ARB has a responsibility to members of the public, architects and Parliament to be transparent and accountable in its business operations. In keeping with our commitment to transparency, we publish the allowances paid to Board members, which meetings they attended, and the Registrar’s expenses.
We also publish all expenditure over £500, and this information is updated monthly.
Freedom of information
Under the Freedom of Information Act, we have made our documents publicly available. Please see our Publication Scheme for more information.
ARB is responsible for regulating architects. This statement sets out our approach to concerns raised with us by members of the public, from architects and from other people working with architects. It does not apply to ARB staff who wish to raise a concern. ARB staff should refer to the Whistleblowing policy in the Staff Handbook that provides guidance for employees.
If we receive information that is not related to our regulatory responsibilities, it may be appropriate for us to forward it, in the public interest, to another responsible body. This may be a department within the organisation to which the information relates, or it may be another regulator or public authority.
If the information is relevant to both ARB and another body we will liaise with that body to coordinate any action that is appropriate. It may be more appropriate for that body to undertake any enquiries that the information requires. We would usually tell the provider of information that we had referred the information to another body.
How to raise concerns
There are various ways members of the public, architects and other people working with architects can raise concerns with the ARB. These include:
unrestricted disclosures. Information is provided by a named person with no restrictions as to disclosure of the information to third parties. This makes it easier for the ARB to assess the information provided and consider how to proceed.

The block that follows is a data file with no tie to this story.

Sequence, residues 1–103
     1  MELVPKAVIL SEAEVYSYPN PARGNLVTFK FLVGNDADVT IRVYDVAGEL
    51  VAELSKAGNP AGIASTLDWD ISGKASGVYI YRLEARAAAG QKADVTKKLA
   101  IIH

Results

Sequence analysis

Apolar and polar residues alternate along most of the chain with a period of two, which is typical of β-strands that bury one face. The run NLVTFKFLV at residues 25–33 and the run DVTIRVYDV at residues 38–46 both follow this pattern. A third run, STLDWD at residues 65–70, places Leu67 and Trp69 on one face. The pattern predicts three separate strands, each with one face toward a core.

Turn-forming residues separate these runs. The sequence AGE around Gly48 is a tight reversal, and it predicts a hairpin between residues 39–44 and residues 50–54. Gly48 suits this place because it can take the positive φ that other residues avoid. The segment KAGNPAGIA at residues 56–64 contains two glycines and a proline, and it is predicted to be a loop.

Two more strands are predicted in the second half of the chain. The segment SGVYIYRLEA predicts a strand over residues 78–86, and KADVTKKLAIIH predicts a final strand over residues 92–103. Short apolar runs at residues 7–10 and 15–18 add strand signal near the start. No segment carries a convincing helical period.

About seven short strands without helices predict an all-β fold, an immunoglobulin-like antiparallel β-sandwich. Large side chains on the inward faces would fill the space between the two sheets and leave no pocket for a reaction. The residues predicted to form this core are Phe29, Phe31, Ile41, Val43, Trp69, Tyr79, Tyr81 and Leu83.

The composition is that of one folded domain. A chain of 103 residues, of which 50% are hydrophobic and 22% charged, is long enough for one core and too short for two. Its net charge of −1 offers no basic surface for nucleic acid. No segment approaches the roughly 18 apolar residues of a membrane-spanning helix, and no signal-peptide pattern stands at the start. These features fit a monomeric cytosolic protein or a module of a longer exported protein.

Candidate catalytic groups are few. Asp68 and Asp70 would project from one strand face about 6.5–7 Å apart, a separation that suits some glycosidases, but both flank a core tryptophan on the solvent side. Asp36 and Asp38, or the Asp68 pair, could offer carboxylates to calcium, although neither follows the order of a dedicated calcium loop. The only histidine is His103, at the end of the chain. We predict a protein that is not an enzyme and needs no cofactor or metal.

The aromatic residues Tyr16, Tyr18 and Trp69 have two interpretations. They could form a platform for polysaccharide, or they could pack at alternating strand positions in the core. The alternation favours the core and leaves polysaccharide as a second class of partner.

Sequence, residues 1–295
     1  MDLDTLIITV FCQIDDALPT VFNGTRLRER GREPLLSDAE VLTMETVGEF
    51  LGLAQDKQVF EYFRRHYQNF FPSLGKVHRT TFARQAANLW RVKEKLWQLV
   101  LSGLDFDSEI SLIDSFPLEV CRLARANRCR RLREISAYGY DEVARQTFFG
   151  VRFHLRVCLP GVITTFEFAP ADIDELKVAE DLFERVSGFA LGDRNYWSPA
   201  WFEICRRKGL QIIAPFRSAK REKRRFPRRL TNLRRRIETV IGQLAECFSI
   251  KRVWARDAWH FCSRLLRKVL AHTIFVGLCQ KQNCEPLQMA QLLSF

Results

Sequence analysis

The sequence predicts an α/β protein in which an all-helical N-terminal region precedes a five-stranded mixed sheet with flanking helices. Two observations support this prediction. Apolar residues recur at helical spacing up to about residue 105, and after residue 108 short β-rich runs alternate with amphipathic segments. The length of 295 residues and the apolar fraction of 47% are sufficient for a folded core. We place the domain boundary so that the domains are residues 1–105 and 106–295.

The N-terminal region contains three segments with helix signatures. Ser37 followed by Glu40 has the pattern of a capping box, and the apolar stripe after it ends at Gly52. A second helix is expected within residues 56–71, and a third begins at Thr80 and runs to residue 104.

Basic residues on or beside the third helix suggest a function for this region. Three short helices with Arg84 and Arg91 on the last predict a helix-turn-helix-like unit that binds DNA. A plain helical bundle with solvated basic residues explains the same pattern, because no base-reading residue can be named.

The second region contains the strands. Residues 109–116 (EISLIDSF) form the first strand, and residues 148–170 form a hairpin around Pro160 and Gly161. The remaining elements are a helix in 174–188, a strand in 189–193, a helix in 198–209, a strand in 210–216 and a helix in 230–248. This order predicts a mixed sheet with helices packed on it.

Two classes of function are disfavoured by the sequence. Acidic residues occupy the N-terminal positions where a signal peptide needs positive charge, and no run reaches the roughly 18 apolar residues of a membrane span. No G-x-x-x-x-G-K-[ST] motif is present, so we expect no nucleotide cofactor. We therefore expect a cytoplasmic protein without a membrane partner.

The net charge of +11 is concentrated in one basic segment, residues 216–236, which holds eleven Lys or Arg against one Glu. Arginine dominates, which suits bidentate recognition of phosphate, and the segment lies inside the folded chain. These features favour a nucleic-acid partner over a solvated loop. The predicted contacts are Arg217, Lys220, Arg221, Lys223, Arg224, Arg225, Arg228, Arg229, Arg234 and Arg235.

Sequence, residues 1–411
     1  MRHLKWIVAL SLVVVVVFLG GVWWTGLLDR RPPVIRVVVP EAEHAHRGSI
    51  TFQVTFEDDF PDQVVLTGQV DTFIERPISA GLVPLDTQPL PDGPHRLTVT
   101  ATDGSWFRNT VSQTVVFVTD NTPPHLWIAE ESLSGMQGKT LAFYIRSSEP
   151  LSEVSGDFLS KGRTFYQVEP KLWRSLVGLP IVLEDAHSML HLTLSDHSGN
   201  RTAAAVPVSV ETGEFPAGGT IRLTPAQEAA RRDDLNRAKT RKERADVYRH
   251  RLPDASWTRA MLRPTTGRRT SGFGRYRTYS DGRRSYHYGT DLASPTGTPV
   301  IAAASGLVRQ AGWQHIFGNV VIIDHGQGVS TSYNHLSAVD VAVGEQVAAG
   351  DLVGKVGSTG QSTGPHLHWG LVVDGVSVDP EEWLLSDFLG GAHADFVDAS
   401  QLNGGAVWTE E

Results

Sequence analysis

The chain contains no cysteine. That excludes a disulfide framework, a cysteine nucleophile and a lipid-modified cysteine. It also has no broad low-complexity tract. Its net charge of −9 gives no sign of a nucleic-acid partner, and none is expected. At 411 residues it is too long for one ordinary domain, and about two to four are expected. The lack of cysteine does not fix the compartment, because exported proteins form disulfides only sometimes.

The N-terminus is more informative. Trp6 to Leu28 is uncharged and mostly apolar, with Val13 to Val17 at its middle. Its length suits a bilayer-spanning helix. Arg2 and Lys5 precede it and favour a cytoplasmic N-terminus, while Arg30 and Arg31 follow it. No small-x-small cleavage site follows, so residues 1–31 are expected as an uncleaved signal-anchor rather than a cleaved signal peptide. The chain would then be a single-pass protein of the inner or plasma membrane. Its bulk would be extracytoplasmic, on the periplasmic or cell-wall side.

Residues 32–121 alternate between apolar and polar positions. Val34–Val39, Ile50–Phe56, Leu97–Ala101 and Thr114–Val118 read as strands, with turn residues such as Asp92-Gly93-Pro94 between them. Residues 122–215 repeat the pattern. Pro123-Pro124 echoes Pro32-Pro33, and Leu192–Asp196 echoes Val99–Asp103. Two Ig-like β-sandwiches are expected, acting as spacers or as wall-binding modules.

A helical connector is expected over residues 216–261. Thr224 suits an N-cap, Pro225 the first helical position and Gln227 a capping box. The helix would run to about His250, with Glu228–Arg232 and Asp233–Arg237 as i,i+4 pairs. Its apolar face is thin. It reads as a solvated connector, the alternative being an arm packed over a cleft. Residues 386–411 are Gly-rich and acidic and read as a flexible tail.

confidential disclosures. Information is provided on the basis that either the information provided or the identity of the person raising the concern is not disclosed to the subject of the concern. This may happen where, for example, the person providing the information is concerned at the risk of victimisation. ARB will be sensitive to the providers’ concerns and will not disclose information without prior notice to the provider in such circumstances. Where possible ARB will maintain the confidentiality requested. There may be occasions, however, in which the concerns are so serious that the public interest requires information to be disclosed to responsible third parties or to form the basis of investigation or action. If you have concerns you are welcome to contact us before disclosure to discuss the possibility of any specific arrangements for confidentiality. We will not disclose the identity of the person raising the concern without their consent unless required by law.
- anonymous disclosures. If identity information is not provided it may be impossible to act upon any information. Investigation may not be practical and the credibility of information may be hard to establish. If you have concerns, contact the ARB before disclosure to discuss specific arrangements would be best. We prefer for individuals to raise their concern openly. However, we recognise that there may be circumstances when an individual may prefer to speak to someone in confidence first. If this is the case, the individual should say so at the outset.
It is important to note that there may be times when the ARB is unable to resolve a concern without revealing the complainant’s identity, for example where personal evidence is essential. In such cases, we will discuss whether and how the matter can best proceed with the person raising the concern.
How to raise a concern with the ARB
The easiest way to raise a concern in the public interest is in writing, addressed to the Registrar, at the Architects Registration Board, 8 Weymouth Street, London, W1W 5BU, or by email to email@example.com
We will need the following information to consider the concerns raised:
- an explanation of the concerns – with dates when the incidents happened and name of those involved
- copies of any supporting documents, such as copies of correspondence with the organisation if a complaint has already been raised locally
- the names and addresses of anyone else who may have relevant information or evidence.